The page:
Q&A: The confusing balancing act between government pensions and Social Security benefits

Dear Liz: I am a public school teacher and plan to retire with 25 years of service. I had previously worked and paid into Social Security for about 20 years. My spouse has paid into Social Security for over 30 years. Will I be penalized because I have not paid Social Security taxes while I’ve been teaching? Should my wife die before me, will I get survivor benefits, or will the windfall elimination act take that away? It’s so confusing!

Answer: It is confusing, but you should understand that the rules about windfall elimination (along with a related provision, the government pension offset) are not designed to take away from you a benefit that others get. Rather, the rules are set up so that people who get government pensions — which are typically more generous than Social Security — don’t wind up with significantly more money from Social Security than those who paid into the system their entire working lives.

Here’s how that can happen. Social Security benefits are progressive, which means they’re designed to replace a higher percentage of a lower-earner’s income than that of a higher earner. If you don’t pay into the system for many years — because you’re in a job that provides a government pension instead — your annual earnings for Social Security would be reported as zeros in those years. Social Security is based on your 35 highest-earning years, so all those zeros would make it look like you earned a lower (often much lower) lifetime income than you actually did. Without any adjustments, you would wind up with a bigger check from Social Security than someone who earned the same income in the private sector and paid much more in Social Security taxes. It was that inequity that caused Congress to create the windfall elimination provision several decades ago.

People who earn government pensions also could wind up with significantly more money when a spouse dies. If a couple receives two Social Security checks, the survivor gets the larger of the two when a spouse dies. The household doesn’t continue to receive both checks. Without the government pension offset, someone like you would get both a pension and a full survivor’s check. Again, that could leave you significantly better off than someone who had paid more into the system.

Q&A: Social Security survivor benefits

Dear Liz: I have been with my significant other for over 30 years. We have an adult son. My significant other has a much larger Social Security benefit than I will have when it’s time for me to retire. I understand that if we were to marry and something happened to him, I would receive his benefit. But the law on Social Security is confusing. It says you have to be married several years to collect your spouse’s benefit unless you have a child. If we were married soon, would I be eligible for his benefits if something happened to him or would we have to be married for many years?

Answer: Social Security benefits can be confusing, but you don’t have to be married for many years to receive benefits.

To qualify for survivor benefits, you typically must have been married for at least nine months. To qualify for spousal benefits, you generally have to be married a year. If you have a natural child together and that child is a minor, the one-year requirement for spousal benefits is waived.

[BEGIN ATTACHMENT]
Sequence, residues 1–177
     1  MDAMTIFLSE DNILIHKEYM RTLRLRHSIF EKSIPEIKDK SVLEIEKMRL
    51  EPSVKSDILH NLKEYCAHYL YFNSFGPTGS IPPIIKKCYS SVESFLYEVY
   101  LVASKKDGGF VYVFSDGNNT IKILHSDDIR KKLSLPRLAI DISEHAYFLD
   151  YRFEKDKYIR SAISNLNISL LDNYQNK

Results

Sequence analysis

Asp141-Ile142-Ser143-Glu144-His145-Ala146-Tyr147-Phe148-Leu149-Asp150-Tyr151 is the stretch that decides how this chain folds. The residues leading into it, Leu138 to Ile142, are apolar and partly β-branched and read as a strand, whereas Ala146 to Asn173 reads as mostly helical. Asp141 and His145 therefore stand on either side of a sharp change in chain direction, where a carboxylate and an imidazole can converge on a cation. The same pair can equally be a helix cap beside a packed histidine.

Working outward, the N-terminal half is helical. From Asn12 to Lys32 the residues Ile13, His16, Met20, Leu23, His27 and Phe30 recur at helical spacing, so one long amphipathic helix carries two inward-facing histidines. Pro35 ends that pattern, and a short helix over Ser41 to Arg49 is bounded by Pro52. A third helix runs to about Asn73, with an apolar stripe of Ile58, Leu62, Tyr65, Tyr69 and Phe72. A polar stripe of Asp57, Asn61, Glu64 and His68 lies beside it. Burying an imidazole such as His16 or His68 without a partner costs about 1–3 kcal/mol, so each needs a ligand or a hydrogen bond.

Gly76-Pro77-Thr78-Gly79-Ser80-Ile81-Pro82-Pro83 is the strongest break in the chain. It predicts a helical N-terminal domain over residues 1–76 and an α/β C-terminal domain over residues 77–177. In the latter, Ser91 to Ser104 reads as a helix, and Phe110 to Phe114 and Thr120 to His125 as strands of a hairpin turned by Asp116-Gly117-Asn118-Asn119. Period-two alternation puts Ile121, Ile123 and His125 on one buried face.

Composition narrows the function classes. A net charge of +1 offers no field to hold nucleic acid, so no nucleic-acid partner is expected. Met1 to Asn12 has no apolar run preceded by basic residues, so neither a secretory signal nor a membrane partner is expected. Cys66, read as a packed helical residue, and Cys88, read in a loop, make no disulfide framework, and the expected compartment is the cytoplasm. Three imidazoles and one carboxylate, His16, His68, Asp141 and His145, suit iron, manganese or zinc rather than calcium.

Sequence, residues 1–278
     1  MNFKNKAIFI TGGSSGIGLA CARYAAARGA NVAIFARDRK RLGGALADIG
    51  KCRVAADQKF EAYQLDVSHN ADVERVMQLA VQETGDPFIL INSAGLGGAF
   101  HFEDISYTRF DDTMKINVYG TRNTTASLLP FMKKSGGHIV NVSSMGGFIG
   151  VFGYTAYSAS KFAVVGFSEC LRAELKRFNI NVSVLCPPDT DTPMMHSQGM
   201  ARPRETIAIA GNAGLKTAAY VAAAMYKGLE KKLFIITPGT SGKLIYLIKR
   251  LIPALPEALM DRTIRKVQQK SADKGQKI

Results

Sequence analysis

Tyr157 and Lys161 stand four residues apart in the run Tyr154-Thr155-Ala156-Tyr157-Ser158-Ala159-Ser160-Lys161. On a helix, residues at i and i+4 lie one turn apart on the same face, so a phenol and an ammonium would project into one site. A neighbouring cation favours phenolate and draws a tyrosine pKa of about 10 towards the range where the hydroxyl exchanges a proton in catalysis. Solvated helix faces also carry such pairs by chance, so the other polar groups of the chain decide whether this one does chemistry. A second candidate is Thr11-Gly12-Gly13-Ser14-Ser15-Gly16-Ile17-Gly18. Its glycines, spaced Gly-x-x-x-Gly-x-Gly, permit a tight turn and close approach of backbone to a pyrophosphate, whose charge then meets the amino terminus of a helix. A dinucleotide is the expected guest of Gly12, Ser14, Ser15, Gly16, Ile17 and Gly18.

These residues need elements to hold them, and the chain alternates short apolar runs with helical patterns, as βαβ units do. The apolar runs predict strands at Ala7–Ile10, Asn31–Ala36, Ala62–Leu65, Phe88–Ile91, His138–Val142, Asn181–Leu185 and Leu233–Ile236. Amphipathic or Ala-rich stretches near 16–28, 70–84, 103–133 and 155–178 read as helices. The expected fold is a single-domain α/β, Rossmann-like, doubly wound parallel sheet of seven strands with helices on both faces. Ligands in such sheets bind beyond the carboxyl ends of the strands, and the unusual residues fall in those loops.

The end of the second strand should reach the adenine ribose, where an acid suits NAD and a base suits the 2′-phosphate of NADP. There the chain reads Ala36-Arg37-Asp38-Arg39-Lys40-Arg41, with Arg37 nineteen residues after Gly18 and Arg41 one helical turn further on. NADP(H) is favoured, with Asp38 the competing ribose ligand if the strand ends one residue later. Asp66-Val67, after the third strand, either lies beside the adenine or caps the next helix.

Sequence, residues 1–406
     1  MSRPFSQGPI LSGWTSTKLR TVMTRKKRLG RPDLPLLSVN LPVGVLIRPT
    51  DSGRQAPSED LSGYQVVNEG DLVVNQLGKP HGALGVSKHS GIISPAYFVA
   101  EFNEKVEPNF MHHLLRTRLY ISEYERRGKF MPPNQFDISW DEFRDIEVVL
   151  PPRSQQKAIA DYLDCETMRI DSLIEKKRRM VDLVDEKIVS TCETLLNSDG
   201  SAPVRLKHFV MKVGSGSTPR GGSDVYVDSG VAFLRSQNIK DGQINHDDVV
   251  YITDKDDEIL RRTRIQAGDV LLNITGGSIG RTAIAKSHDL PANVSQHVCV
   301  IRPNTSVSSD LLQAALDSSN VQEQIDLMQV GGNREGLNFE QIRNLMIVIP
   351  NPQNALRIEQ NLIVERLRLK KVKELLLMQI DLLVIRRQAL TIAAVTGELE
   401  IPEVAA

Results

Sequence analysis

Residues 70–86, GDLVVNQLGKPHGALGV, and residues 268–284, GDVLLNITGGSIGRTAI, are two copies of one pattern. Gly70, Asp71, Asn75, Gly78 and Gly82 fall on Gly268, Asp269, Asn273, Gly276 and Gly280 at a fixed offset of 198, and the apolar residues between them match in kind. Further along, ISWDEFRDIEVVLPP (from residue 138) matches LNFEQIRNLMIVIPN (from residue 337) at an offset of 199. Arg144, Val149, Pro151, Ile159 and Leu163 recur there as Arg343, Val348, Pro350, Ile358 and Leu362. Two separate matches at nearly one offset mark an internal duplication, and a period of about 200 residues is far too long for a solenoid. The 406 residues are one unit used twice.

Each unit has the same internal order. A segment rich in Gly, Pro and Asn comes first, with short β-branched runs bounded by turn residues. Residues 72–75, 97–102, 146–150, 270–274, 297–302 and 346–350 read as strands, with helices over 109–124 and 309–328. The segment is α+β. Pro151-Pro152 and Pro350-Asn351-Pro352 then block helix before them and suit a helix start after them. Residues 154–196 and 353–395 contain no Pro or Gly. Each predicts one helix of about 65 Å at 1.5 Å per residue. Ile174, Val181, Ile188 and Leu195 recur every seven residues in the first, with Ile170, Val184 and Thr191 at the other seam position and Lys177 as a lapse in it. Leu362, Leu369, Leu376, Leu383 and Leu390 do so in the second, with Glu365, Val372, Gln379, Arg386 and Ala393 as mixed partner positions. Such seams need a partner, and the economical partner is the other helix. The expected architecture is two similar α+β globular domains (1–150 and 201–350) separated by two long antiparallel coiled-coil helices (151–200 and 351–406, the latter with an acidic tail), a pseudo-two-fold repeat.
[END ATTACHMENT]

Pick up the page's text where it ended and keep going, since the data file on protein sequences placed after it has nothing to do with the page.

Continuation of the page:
Survivor benefits are what you get when a higher-earning spouse dies. The benefit is 100% of what the deceased spouse received (or earned, if he hasn’t started benefits), but the amount is reduced if you as the surviving spouse begin benefits before your own full retirement age. The current full retirement age is 66 and will rise to 67 for people born in 1960 and later.

Spousal benefits are what you can receive while a spouse is still alive. This benefit is typically equal to half that spouse’s benefit and is reduced to reflect early starts.

You’ll need a longer marriage to get benefits should you divorce. The marriage must have lasted 10 years, and you must not be currently remarried to receive divorced spousal benefits based on your ex’s work record. For divorced survivor benefits, the marriage also must have lasted 10 years but you’re allowed to remarry at age 60 or later.

4 tax hacks you might not know

You know to contribute enough to your 401(k) to get the full company match. Maybe you’ve even adjusted your withholding so you’re not giving Uncle Sam an interest-free loan.

Yet you may feel the need to do even more, especially if you’re making the last big push toward retirement. These hacks allow you to shelter more money from taxes now and when you retire. In my latest for the Associated Press, the 4 crucial tax hacks you might not know.

Q&A: Investing during retirement

Dear Liz: I’ll be retiring shortly. After 30 years of public service, I’m fortunate to have a generous pension. I’ll be paying off all my debts upon retirement, including my mortgage. I have a deferred compensation account that I will leave untouched until I’m required to take disbursements at 70 1/2 (15 years from now). Until then I will have disposable income but no significant tax deductions. Short of investing on my own in a brokerage account (and perhaps incurring capital gains taxes), are there any other investment vehicles that perhaps would be tax friendlier?